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Ohio Stay at Home Order

Last Updated: 3.27.2020 @3:25 pm

FAQs


Q: Is there an Exception for Home-Based Businesses and People Working from Home?
A:Yes

 

Q: What are Essential Businesses?A: The Director of the Ohio Department of Health issued an order on March 22, 2020 requiring all Ohio businesses and operations except essential businesses and operations cease all activities within Ohio. The list of essential businesses is broad and includes:

  • • businesses that sell supplies to work from home,
    • grocery stores,
    • restaurants for consumption off premises,
    • laundry services,
    • hardware and supply stores,
    • churches,
    • gas stations,
    • banks,
    • post offices,
    • hotels and motels,
    • funeral services,
    • schools for purposes of distance learning,
    • professional services including legal services,
    • critical labor union functions,
    • home-based care and services,
    • manufacturing,
    • distribution and supply chains for critical products and industries which include:

    • pharmaceutical,
    • technology,
    • healthcare,
    • transportation, and
    • communications industries

Q: What are the requirements for the businesses allowed to remain open under the Stay at Home Order?

  • Social distancing including designating 6-foot distances between employees and customers in line with signage, tape or other means of spacing to maintain appropriate distance is required.
  • Hand sanitizer and sanitizing products must be available for employees.
  • The order also requires separate operating hours for vulnerable populations and online and remote access.
  • Businesses are asked to post online whether their facilities are open and how best to reach the facility remotely and by phone.
  • Essential businesses are required to allow as many employees as possible to work from home and encourage sick employees to stay home.
  • Businesses are required to ensure sick-leave policies are up to date and non-punitive to allow employees to care for sick family members and themselves and return to work without punishment.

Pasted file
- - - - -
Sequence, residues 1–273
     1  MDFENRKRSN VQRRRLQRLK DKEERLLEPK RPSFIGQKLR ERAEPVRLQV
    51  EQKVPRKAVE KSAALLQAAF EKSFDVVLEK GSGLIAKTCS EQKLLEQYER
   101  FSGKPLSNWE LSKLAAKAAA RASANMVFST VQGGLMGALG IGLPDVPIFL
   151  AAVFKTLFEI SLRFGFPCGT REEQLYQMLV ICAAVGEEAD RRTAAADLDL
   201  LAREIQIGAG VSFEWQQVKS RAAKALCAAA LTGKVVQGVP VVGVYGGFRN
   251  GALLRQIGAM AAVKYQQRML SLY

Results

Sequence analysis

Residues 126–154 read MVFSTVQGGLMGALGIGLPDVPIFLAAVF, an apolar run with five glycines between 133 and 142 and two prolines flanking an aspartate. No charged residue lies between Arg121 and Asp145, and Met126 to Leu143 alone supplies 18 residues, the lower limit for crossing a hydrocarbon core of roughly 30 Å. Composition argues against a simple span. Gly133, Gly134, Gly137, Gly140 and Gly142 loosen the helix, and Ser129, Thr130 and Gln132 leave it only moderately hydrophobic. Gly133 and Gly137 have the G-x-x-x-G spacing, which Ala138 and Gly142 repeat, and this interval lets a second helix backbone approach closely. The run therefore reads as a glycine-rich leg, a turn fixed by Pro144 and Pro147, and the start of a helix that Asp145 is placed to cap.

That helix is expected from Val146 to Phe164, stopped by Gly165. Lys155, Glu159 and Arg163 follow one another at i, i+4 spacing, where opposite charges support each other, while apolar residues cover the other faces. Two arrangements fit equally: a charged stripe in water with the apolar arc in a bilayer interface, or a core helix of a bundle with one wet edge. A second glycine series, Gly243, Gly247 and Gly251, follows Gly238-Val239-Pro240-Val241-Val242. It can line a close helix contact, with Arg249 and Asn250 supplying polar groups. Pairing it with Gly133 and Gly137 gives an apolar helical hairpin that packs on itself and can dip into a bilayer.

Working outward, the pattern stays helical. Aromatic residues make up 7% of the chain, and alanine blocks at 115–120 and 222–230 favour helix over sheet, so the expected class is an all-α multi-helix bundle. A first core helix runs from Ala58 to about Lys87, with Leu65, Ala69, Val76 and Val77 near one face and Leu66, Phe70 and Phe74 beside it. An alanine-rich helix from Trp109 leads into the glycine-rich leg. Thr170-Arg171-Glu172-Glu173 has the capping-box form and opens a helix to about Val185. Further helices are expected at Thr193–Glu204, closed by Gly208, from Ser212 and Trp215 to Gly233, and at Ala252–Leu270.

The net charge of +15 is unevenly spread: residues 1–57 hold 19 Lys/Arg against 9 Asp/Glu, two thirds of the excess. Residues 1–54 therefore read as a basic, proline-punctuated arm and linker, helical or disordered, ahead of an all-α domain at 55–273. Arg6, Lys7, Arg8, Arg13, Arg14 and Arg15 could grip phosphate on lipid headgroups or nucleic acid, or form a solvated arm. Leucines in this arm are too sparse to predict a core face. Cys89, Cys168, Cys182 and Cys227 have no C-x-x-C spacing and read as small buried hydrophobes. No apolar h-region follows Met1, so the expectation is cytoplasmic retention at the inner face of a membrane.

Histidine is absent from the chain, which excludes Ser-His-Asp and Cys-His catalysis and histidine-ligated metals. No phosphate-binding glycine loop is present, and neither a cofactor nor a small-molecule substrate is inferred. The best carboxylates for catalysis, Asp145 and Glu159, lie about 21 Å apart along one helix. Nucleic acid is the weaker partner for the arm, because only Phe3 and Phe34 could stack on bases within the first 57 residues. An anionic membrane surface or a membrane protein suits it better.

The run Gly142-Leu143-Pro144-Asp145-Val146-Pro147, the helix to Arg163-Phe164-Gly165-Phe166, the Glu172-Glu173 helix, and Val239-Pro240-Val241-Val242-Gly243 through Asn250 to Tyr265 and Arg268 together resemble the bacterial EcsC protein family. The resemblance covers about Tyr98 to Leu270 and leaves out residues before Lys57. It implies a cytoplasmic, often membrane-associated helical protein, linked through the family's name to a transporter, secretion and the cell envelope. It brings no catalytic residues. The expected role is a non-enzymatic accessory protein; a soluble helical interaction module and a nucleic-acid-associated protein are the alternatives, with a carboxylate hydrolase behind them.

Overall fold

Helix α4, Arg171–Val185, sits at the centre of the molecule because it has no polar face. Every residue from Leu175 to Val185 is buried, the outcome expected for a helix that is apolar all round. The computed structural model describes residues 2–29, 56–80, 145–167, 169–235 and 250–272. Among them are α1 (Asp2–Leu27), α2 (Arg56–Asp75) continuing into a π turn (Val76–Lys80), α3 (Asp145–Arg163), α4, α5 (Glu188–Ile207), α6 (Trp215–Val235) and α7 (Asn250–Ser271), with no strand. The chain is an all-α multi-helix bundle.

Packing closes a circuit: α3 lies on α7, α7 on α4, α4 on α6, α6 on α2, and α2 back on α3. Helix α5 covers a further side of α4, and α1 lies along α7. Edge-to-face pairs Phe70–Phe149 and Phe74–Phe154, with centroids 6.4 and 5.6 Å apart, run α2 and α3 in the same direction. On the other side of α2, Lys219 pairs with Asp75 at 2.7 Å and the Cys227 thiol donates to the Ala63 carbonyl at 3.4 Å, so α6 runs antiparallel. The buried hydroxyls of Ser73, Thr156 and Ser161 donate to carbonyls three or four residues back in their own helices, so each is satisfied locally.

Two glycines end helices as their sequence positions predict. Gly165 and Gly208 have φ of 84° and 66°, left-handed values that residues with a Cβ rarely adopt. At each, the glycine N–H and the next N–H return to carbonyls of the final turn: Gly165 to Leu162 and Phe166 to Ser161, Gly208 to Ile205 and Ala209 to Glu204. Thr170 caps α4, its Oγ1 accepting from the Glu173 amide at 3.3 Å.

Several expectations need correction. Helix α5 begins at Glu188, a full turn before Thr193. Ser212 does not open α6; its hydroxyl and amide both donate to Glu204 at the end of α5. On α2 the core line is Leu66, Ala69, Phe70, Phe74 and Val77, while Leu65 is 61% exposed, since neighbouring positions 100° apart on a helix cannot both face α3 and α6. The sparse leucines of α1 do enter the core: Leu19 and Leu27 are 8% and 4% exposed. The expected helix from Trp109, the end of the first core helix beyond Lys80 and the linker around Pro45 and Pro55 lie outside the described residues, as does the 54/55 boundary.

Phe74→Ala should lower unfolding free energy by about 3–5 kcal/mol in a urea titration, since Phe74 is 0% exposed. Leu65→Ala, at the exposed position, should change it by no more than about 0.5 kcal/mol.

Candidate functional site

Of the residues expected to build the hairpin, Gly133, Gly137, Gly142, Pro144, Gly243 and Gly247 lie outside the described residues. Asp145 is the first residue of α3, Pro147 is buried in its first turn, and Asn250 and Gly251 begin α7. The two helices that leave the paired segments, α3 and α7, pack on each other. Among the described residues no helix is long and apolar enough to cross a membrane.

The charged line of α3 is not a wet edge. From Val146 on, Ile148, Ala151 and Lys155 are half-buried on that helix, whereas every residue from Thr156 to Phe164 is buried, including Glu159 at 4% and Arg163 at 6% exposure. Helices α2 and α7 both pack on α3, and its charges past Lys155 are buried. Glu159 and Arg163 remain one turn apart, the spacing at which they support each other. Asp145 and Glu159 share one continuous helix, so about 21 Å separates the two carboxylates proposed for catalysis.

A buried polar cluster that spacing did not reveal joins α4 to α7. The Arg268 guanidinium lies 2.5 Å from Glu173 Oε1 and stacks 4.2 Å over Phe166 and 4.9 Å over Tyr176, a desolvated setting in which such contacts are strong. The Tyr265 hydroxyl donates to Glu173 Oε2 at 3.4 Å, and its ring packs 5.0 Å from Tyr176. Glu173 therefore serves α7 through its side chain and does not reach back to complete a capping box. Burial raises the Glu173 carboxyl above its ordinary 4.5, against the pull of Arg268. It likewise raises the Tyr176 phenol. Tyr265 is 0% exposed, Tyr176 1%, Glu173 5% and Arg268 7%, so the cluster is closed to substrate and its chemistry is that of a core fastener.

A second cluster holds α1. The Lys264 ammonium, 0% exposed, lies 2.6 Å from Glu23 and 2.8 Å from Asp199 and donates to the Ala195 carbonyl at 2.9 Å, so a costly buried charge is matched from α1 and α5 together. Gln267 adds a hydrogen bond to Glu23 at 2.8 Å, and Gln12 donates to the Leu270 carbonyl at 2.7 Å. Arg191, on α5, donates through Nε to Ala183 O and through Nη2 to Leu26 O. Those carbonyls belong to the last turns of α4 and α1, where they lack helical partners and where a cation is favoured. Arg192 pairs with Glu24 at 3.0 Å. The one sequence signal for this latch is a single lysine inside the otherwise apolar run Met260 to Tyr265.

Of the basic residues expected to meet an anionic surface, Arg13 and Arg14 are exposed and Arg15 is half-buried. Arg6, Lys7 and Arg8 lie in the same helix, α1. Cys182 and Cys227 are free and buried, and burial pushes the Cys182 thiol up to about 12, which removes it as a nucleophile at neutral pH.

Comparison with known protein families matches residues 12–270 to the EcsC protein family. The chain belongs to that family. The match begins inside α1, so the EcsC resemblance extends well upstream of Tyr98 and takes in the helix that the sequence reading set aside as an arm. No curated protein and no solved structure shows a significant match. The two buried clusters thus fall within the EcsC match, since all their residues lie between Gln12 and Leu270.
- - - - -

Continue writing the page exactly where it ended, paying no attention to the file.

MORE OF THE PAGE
• The order also requires employers to separate employees who appear to have acute respiratory illness symptoms from other employees and send them home immediately.
  • Employers must clean the workplace frequently and be prepared to change business practices.

Q: Could you address the right to refuse, regarding if an employee refuses to come to work, but does not have COVID symptoms? As far as employee rights versus employer rights?
A: Typically, employees can only refuse to work if they believe they are in imminent danger. OSHA defines “imminent danger” as “any conditions or practices in any place of employment which are such that a danger exists which can reasonably be expected to cause death or serious physical harm immediately or before the imminence of such danger can be eliminated through the enforcement procedures otherwise provided by this Act.” Most work environments do not meet the threshold of an “imminent danger” standard, but each employer will need to determine on a case by case basis whether an employee is able to refuse work. It is also worth noting that employees may be protected under Section 7 of the National Labor Relations Act for discussing the safety of the workforce with other employees and participating in a concerted refusal to work in unsafe condition.

Additional concerns regarding the Stay at Home Order

• Governor Dewine recommends all businesses that remain open create a document explaining why they are an essential business and how the business is creating a safe workplace.
• Businesses are asked not to call law enforcement, the health department or the #COVID19 helpline to ask for advice on whether they are an essential business
• Governor Dewine announced they are starting to take action against a nonessential business that remains open in defiance of the order. He expects more activity against similar businesses in the near future.

Additional recommendations for Keeping Employees Safe at the Workplace

  • Governor DeWine encouraged business owners to begin taking the temperature of employees when they arrive at work in an effort to identify anyone who was becoming ill. If this is not feasible, Governor DeWine asked that employers require workers to take their own temperatures prior to arriving at work. Anyone with a temperature of 100.4 or higher should self-quarantine with members of their household.
  • The CDC recommends employees clean hands at the door and schedule regular hand-washing reminders by email. Employers should create habits and reminders to employees to cover their coughs and sneezes and avoid touching their faces. Employees should stop handshaking and use non-contact greetings such as waving instead.
  • The CDC also recommends employers disinfect surfaces like doorknobs, tables, desks and handrails regularly and increase ventilation by opening windows or adjusting air conditioning.
  • Employers should use videoconferencing for meetings when possible. When not possible, meetings should be held in open, well-ventilated spaces and attendees should be at least 6 feet apart. Employers should consider adjusting or postponing large meetings, gatherings and business travel.
  • Finally, the CDC recommends limiting food sharing and strengthening health screening for cafeteria staff and their close contacts. Cafeteria staff and their close contacts should practice strict hygiene.

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DISCLAIMER: This is a guide, not legal advice. Every situation is different and people should contact us with specific questions.

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